Empowering Women in Kakamega’s Gold Mining Areas: A Bold Initiative to Combat Gender-Based Violence and Foster Gender Equality

By Seliphar Machoni

In the gold mining areas of Kakamega County, there are prevalent myths and misconceptions about women’s involvement in the mining process.

Women face significant challenges, including unreported cases of Gender-Based Violence (GBV), leading to adverse consequences such as HIV/AIDS infections, teenage pregnancies, and school dropouts.

To address this issue, a Community Based Organization (CBO) has initiated a project funded by Amplify Change to combat GBV.

The project aims to conduct screenings, establish a community champion network, and involve men in the fight against GBV.

The Executive Director, Halima Nyota, emphasizes the importance of securing women and girls in mining communities and working towards gender equality in leadership.

The issue of gold-related sexual exploitation has led to HIV/AIDS infections, teenage

pregnancies, school dropouts, and other retrogressive practices posing risks to women and girls.

“Violence against women and girls is both a cause and a consequence of their

under-development, since many women experience economic and social discrimination due to violence, while the majority’s economic and social conditions increase their vulnerability to gender-based violence,” she explained.

Nyota mentioned that the project, supported by funding from Amplify Change, is set to be

executed over the next 18 months in Ikolomani, Shinyalu, and Bushiangala.

Amplify Change, a worldwide organization, assists Civil Society Organizations in implementing initiatives focused on achieving Sexual and Reproductive Health and Rights (SRHR) for everyone.

“Any form of violence violates human rights, impacting children, girls, and even men. For instance, in January, there were numerous femicide cases reported in the country. Our goal is to ensure the full potential of women and girls in mining communities is safeguarded,” she added

The organization recognizes the need to strengthen GBV referral pathways and collaborate with various stakeholders, including the police and gender department.

Economic violence, particularly the emotional toll caused by gambling-related distress, is identified as a common issue among mining communities

The Executive Director highlights the organization’s intention to include men in the champions network to actively combat GBV.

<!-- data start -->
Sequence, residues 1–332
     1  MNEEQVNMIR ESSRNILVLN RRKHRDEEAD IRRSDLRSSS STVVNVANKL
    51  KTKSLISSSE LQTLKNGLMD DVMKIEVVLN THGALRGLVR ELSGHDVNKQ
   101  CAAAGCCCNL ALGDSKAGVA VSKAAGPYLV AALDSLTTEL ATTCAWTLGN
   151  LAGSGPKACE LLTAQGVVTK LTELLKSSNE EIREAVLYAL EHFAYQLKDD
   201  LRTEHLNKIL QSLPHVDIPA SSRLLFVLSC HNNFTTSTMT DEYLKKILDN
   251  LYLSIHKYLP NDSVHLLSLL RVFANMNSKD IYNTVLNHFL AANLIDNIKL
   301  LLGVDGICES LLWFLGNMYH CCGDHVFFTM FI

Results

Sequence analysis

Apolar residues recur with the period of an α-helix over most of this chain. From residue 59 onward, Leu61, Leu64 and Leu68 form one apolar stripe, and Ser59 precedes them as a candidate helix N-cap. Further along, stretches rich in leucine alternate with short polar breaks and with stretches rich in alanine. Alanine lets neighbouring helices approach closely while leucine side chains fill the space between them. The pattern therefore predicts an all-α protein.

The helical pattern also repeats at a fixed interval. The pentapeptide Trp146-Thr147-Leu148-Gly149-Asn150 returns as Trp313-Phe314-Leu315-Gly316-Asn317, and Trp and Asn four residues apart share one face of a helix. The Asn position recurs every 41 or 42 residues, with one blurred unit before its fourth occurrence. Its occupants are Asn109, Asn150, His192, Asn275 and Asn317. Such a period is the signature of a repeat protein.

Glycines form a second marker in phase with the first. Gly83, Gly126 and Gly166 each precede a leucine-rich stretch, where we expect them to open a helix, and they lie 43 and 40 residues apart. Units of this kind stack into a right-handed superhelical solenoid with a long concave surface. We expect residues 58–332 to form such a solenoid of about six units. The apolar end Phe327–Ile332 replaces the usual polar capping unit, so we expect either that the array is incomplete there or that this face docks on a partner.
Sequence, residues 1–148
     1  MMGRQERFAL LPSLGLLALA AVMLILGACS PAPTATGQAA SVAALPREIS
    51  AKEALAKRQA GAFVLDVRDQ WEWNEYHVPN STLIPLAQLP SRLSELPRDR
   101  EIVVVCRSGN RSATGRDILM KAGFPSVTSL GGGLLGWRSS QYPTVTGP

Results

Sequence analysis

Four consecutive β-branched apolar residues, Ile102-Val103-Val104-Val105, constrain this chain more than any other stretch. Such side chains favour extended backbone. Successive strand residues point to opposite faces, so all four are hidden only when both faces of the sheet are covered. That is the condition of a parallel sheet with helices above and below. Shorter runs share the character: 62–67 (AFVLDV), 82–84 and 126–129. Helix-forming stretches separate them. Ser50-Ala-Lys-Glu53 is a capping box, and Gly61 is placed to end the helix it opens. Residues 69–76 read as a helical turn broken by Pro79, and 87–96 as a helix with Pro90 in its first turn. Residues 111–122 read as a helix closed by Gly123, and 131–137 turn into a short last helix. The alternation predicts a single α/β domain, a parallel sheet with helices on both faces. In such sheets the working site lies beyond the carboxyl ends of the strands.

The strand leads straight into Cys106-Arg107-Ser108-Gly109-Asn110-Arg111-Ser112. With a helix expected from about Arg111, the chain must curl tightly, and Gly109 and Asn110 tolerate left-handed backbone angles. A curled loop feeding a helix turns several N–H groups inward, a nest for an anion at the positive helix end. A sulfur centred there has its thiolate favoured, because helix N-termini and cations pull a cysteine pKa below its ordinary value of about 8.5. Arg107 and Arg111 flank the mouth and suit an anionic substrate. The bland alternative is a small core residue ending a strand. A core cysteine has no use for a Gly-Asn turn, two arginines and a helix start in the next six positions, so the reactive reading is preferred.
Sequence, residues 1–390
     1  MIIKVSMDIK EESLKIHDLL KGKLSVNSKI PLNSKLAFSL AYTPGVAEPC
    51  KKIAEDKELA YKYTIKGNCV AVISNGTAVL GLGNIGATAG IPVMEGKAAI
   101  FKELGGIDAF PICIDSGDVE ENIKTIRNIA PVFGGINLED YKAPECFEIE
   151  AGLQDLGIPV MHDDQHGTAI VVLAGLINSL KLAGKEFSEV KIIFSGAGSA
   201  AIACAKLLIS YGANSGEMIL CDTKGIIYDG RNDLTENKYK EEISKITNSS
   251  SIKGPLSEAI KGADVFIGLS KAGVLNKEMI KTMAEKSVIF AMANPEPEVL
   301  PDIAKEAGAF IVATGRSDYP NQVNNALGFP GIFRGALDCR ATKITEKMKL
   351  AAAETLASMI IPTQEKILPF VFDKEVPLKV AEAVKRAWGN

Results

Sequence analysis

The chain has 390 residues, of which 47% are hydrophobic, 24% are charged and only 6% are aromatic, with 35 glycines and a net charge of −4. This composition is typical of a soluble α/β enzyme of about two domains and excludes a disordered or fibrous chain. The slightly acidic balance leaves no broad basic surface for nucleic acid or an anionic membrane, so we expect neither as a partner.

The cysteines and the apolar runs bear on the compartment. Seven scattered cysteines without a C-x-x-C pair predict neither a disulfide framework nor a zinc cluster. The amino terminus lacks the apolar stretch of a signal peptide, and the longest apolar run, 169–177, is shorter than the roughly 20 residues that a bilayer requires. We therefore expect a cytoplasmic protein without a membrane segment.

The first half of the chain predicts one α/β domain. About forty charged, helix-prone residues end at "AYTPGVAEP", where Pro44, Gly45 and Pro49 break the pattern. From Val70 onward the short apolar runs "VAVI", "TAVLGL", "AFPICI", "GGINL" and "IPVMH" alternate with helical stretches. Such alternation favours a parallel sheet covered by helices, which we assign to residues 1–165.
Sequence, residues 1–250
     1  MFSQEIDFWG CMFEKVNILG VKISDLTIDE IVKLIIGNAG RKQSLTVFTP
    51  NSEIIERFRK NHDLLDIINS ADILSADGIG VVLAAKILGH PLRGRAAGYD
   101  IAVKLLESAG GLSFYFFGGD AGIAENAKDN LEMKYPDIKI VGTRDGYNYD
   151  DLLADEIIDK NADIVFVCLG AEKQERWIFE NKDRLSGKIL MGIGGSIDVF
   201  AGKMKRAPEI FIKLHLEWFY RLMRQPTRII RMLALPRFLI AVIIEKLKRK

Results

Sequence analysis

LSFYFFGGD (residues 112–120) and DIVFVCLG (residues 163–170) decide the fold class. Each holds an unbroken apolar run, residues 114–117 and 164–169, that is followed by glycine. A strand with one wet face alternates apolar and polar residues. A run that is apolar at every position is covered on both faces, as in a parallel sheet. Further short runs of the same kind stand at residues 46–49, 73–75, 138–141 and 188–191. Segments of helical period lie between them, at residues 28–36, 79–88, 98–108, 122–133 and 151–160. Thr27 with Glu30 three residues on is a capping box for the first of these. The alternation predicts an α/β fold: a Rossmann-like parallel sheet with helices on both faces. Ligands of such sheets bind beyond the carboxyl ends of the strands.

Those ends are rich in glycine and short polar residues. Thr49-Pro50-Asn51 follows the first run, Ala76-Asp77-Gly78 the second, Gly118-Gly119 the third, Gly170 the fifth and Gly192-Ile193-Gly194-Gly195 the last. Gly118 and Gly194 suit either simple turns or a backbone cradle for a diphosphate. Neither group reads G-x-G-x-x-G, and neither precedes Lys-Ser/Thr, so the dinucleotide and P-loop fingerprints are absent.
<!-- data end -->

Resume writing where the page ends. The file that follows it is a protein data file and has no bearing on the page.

Additionally, they advocate for promoting women’s leadership to address gender disparities within the initiative.

“We are focused on enhancing the referral pathways for Gender-Based Violence (GBV),

recognizing the distinction between reporting a case and ensuring prompt action. We are

collaborating with various gender sector working groups to ensure that, as cases arise, both the police and the gender department are readily available to support survivors,” she noted.

Imelda Barasa, the County Coordinator of Reproductive Health Services, emphasizes that emotional violence is the predominant and most severe form of violence within mining communities.

She recounts a case: “there was a time a man earned over Sh15000 in one instance after

mining gold which he later lost in gambling, because of that, he has not spoken to his family as he is extremely distressed.”

Barasa underscores the prevalence of economic violence, particularly when men outearn women in gold mining.

Government reproductive health initiatives in Shinyalu Sub County, primarily inhabited by mining communities, have significantly reduced teenage pregnancies and HIV infections with support from stakeholders.

The Reproductive Health Coordinator actively addresses HIV infections and school dropouts in gold mining communities, receiving support from various stakeholders.

Edward Wambani, County Chair of Civil Society Network, urges National and County

governments to provide data on gender-based violence (GBV) for targeted interventions.

“We want to ensure that we eliminate GBV cases amongst the Gold mining communities by the end of the 18-month project phase,” he said

He appreciates the Kakamega county government for establishing a GBV Rescue Centre in Shinyalu, a crucial resource for handling referral cases.

Florence Khaunga, who has dedicated almost a decade to working at the mining site, believes that the initiative will be advantageous for the workers, helping to prevent biases and abuses that commonly occur at such sites.

“I’ve been employed at this mining site in Shinyalu for nearly a decade, but the extent of harassment from male colleagues is overwhelming. We experience sexual abuse as a condition for opportunities, which is unacceptable. The initiative will play a crucial role in addressing and mitigating these challenges,” she explained.

She added that during her time at the site, there has never been equality, as women are consistently sidelined and prevented from owning a mining shaft.

“Women at most mining sites have been excluded and denied ownership of mining shafts or seats in decision-making groups. Currently, only men occupy these positions, leaving women behind. We urge these organizations to establish policies that address our concerns and promote equality,” she added.

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